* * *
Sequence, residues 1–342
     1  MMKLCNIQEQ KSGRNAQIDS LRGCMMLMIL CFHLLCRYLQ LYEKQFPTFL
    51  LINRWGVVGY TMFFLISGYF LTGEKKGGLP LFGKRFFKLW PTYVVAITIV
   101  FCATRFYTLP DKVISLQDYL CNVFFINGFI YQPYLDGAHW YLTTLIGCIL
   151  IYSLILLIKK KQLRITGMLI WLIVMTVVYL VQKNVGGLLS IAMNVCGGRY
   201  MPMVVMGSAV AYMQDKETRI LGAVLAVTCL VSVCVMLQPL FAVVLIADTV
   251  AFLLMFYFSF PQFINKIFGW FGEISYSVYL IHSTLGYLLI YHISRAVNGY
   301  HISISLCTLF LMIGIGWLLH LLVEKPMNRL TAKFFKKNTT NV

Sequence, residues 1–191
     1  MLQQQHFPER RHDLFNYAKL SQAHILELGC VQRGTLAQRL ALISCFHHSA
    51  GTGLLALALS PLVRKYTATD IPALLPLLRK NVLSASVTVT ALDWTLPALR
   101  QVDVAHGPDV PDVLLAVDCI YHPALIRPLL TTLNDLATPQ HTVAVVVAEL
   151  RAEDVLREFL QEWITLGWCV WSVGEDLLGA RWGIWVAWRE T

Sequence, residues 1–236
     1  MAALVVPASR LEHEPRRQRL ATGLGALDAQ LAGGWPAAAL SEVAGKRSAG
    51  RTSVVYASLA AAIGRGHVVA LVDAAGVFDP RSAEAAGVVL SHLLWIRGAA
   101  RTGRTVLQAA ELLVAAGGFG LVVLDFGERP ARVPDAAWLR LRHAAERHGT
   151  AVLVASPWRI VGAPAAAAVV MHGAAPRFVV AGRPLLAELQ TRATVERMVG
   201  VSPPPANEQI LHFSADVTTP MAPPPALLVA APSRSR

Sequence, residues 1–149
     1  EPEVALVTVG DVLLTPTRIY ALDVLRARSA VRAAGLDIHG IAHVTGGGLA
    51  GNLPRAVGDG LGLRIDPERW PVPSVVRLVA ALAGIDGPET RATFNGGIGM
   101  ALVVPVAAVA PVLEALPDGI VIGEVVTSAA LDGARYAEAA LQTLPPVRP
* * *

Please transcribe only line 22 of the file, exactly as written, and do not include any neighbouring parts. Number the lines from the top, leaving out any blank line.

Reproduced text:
    51  GNLPRAVGDG LGLRIDPERW PVPSVVRLVA ALAGIDGPET RATFNGGIGM